Bring back butterflies . . . and other lesser-spotted garden creatures

The variety of plants and animals in the world has fallen to dangerously low levels, but gardeners can take modest measures to encourage biodiversity

 

Seen many butterflies recently? No? What about ladybirds, wild bees, dragonflies, frogs or hedgehogs? Nope? Me neither. The sad truth is that the absence of these once-common creatures from many Irish gardens is our biodiversity loss made real and personal, a loss highlighted by an international study published in Science magazine recently.

Following analysis of 2.38 million records for 39,123 species at 18,659 sites, it concluded that the variety of plant and animal life in the world has fallen to such dangerously low levels that it now threatens the ability of ecosystems to support human societies.

Gloom-inducing stuff, but there’s a lot that we can do to help to reverse such losses, simply by tending our gardens in ways that are friendly to the planet and allowing parts of them to go just that little bit “wild” so that they provide a rich variety of ecosystems.

A small but significant example is the decline in the number of wild bee species in this country. They play a crucial role as pollinators, but one-third of them are threatened with extinction.

Other valuable pollinating insects – for example hoverflies – perform a secondary beneficial role in our gardens as the natural predators of aphids. And yet we continue to use a plethora of readily available garden sprays containing neonicotinoids such as Thiacloprid and Acetamiprid that are terribly harmful to them.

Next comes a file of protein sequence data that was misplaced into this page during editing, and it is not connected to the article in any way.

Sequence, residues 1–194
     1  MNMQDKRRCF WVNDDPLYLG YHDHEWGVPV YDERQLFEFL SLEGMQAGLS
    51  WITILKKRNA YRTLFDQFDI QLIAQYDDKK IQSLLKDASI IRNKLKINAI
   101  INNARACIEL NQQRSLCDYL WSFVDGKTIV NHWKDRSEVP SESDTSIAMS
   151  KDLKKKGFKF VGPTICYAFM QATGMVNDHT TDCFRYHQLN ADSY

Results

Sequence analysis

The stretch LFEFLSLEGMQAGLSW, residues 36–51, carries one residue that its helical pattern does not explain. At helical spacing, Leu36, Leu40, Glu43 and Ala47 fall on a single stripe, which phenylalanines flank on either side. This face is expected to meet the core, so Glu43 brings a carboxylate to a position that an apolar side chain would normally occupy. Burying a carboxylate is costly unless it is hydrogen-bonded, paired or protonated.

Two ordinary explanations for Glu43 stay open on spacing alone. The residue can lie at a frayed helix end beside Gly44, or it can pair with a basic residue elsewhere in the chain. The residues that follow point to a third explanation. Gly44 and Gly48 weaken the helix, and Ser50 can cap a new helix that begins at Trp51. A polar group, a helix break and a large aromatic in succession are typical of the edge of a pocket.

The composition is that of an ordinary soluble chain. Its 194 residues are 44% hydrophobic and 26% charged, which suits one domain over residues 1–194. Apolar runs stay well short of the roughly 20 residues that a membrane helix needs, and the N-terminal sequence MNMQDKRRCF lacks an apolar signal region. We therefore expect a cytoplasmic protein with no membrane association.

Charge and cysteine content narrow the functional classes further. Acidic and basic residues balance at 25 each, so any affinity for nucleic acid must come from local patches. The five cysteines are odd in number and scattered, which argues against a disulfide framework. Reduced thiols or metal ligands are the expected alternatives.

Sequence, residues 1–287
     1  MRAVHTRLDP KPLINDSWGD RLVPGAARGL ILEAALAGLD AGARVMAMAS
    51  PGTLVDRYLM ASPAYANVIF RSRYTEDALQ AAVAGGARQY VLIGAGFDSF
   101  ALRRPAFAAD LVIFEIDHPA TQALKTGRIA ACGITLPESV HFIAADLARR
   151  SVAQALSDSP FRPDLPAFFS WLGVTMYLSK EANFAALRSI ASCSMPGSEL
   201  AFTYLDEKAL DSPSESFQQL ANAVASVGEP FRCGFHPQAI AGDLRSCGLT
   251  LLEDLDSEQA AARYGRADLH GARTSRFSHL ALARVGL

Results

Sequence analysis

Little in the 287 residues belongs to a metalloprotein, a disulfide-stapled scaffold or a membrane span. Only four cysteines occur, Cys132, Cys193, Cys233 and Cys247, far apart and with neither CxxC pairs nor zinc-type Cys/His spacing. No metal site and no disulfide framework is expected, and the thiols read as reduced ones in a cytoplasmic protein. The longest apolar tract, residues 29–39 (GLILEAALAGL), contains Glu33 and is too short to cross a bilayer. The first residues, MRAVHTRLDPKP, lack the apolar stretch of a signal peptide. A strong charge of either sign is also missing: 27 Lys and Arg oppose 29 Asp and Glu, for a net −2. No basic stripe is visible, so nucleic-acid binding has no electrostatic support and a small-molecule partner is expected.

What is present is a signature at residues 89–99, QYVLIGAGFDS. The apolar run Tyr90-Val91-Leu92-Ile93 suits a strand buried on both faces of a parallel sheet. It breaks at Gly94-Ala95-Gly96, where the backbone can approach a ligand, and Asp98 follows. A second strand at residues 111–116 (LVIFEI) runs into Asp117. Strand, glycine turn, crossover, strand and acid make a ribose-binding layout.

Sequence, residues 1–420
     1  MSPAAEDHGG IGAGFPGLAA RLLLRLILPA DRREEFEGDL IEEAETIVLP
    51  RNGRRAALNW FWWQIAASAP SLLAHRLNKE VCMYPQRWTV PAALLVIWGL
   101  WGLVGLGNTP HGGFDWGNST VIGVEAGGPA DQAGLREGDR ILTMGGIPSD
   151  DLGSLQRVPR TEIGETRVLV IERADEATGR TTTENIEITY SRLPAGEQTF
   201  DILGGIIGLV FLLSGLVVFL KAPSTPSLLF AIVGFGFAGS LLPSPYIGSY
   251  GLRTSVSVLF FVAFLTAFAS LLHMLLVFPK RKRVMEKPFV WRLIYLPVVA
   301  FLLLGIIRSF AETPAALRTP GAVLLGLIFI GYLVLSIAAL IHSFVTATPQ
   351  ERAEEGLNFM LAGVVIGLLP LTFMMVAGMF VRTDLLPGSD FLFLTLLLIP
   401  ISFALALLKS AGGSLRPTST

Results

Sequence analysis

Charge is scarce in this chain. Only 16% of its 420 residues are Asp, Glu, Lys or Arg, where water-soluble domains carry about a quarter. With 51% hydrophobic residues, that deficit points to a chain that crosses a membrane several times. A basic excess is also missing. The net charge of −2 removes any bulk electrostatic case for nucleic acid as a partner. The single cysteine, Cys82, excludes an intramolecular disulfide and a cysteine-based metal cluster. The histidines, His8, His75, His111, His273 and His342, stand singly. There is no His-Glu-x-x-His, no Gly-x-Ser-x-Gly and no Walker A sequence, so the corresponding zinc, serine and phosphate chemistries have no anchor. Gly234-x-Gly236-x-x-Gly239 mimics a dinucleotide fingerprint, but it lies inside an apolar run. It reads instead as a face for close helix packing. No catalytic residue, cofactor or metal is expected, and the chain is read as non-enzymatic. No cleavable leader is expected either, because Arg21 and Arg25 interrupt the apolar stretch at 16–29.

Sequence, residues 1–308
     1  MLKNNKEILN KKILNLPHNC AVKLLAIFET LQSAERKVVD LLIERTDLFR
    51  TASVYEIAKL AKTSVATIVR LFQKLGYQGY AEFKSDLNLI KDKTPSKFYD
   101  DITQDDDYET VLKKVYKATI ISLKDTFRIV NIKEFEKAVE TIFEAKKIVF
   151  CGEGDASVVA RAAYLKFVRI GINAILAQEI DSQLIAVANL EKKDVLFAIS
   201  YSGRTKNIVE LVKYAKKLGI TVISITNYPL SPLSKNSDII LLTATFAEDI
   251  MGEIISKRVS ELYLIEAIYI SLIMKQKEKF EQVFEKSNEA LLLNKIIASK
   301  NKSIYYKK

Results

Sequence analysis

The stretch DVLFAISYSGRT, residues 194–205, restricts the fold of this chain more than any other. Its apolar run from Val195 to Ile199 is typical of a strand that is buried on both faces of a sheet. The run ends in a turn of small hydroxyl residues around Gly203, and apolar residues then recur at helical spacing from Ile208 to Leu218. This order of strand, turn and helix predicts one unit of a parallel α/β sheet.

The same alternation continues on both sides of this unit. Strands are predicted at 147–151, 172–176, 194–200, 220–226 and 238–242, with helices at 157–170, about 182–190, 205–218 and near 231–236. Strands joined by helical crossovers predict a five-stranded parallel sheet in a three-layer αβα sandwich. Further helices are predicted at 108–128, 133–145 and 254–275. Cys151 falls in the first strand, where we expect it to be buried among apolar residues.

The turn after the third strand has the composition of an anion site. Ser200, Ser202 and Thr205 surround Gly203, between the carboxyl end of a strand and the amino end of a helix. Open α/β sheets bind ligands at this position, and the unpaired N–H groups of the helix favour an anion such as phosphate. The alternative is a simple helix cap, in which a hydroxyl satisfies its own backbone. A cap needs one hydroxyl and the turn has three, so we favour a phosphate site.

Not all insecticides come as sprays. Some seeds are pre-treated or coated with neonics as a way of protecting them from insect attack. That might sound quite commonsensical, until you discover that those same chemicals remain in the plant (including its nectar and pollen) long after the seed has germinated, from where they slowly but surely find their way into the wider environment.

So always examine carefully the small print on any packet of seeds before purchasing it and try to buy organically produced seeds, where possible. Suppliers include Cork-based Brown Envelope Seeds, Irish Seed Savers in Co Clare, north Dublin-based The Herb Garden, and Green Vegetable Seeds in Co Sligo, while Mayo-based supplier Seedaholic sells a small range of organic flower seed.

For a more comprehensive list of organic suppliers, see organictrust.ie

As for that worrying decline in hedgehogs, a species considered an indicator for the general health of the environment, once again much of this is down to habitat loss or fragmentation.

Hedgehogs, as you would imagine, get their name from the fact that they like to live in hedges. So the ongoing destruction of these wildlife corridors has contributed hugely to their dramatic decline.

By planting or preserving a biodiverse hedge, rich in a variety of species, you can encourage them to live in your garden.

Another key reason for their dwindling numbers is some gardeners’ continued use of poisonous slug pellets containing metaldehyde.

The inconvenient truth is that this powerful pesticide isn’t just poisonous to slugs and snails – and pets – but also to lots of other creatures including hedgehogs, frogs and birds, all three of which are natural predators of? Yes; slugs and snails. In other words, Irish gardeners’ continued use of metaldehyde-based slug pellets ends up poisoning the very creatures that would otherwise do a huge amount to control those pests naturally.